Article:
Built at the end of the Depression and launched on the weekend of the Munich Crisis, the Queen Elizabeth's maiden voyage was a wartime dash to New York to escape the Luftwaffe's bombs. After a wartime career that saw her bring an American division to Gourock every few weeks, she finally entered company service for Cunard in 1946. She sailed with her sister Queen Mary through Cunard's golden years and was sold out of service in 1968, becoming a tourist attraction in Port Everglades. Sold again, she became C. Y. Tung's Seawise University and was burned out in 1972 while being converted, before being scrapped where she lay in Hong Kong harbour.
|Product dimensions:||6.50(w) x 9.60(h) x 0.50(d)|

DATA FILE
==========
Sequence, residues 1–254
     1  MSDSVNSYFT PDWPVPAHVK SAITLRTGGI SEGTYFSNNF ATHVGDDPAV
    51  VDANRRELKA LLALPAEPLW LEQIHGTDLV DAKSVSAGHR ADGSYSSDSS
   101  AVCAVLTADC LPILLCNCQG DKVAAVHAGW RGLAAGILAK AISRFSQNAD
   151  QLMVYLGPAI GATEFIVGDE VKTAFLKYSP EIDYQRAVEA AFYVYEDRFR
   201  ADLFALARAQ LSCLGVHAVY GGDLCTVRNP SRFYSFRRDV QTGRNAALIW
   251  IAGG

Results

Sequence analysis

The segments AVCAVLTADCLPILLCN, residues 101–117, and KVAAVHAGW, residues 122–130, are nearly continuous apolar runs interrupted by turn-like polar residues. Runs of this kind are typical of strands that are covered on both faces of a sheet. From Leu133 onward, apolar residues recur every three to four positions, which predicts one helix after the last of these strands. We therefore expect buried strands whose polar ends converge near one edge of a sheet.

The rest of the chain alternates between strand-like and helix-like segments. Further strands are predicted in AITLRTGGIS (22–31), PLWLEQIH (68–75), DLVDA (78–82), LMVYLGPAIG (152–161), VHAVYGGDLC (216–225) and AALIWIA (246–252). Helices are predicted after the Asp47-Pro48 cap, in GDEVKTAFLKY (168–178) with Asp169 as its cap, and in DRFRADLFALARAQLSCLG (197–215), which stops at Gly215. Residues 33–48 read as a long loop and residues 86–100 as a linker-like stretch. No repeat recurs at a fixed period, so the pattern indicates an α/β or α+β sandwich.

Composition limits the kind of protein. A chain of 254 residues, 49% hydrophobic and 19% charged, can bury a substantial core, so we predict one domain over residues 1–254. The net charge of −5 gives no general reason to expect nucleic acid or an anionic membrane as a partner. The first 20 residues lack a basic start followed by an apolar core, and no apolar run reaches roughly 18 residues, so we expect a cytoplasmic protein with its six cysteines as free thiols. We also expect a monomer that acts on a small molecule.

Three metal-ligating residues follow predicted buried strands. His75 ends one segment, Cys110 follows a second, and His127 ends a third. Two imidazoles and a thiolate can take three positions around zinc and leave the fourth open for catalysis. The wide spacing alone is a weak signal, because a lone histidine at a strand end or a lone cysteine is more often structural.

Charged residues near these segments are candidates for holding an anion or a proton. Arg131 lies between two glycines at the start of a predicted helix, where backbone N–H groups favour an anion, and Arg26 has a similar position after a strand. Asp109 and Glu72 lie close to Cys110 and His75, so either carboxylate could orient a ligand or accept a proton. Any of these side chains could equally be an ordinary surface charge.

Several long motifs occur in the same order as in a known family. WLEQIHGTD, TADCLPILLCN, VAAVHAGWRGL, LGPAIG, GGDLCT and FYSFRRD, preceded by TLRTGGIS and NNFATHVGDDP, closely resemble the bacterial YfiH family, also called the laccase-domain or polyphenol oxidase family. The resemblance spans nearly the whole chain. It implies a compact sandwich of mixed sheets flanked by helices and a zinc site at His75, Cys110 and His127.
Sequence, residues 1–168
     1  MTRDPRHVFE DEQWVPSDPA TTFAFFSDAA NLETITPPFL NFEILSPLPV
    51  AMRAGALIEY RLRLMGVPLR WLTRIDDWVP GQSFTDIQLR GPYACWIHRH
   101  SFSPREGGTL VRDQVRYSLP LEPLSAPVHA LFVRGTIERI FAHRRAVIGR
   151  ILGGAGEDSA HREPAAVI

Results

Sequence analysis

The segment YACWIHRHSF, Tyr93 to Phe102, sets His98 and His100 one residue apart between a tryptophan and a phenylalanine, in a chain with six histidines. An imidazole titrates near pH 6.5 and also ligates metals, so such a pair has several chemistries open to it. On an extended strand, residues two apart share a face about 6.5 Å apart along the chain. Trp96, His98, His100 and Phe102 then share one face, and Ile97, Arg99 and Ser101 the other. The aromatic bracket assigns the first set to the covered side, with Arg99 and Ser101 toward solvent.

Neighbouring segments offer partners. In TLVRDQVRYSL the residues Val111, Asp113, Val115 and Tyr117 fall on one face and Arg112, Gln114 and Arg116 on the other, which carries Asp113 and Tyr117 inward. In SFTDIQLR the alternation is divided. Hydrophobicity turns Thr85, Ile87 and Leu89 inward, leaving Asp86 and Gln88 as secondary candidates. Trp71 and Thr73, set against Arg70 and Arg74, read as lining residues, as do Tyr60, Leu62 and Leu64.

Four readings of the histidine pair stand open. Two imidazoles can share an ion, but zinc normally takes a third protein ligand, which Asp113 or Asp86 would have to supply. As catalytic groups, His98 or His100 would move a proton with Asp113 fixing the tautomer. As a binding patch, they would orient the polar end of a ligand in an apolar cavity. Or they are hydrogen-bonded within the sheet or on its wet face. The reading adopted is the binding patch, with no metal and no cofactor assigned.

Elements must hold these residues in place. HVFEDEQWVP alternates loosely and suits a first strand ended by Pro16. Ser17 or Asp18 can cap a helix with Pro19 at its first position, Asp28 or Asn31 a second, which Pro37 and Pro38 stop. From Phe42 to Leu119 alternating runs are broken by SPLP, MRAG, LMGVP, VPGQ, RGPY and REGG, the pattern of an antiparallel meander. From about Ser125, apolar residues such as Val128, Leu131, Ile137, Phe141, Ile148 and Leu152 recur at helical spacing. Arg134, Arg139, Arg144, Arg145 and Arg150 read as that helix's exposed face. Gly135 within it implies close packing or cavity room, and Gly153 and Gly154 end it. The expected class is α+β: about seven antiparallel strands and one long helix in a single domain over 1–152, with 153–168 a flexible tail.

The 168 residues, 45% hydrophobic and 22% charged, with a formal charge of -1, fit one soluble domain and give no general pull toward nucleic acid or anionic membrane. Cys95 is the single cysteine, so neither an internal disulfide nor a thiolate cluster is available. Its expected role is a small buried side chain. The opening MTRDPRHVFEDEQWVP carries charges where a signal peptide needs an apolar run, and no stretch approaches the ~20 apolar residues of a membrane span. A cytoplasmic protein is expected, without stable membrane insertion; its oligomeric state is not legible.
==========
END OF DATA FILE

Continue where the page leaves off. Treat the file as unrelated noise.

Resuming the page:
About the Author
Janette McCutcheon was born in Scotland, and lived close to Clydebank, home of some of the most famous ships ever constructed, including three of Cunard's famous Queens. She has written many books on maritime history and regularly sails the seven seas lecturing aboard cruise ships. She has appeared on BBC's The Scots at Sea and acted as consultant to Channel 4's Speed Machines and various Discovery Channel programmes on ocean liners. Janette has one of the largest collections of Cunard and White Star memorabilia in the UK, including postcards, photos, posters and items from on board White Star and Cunard ocean liners.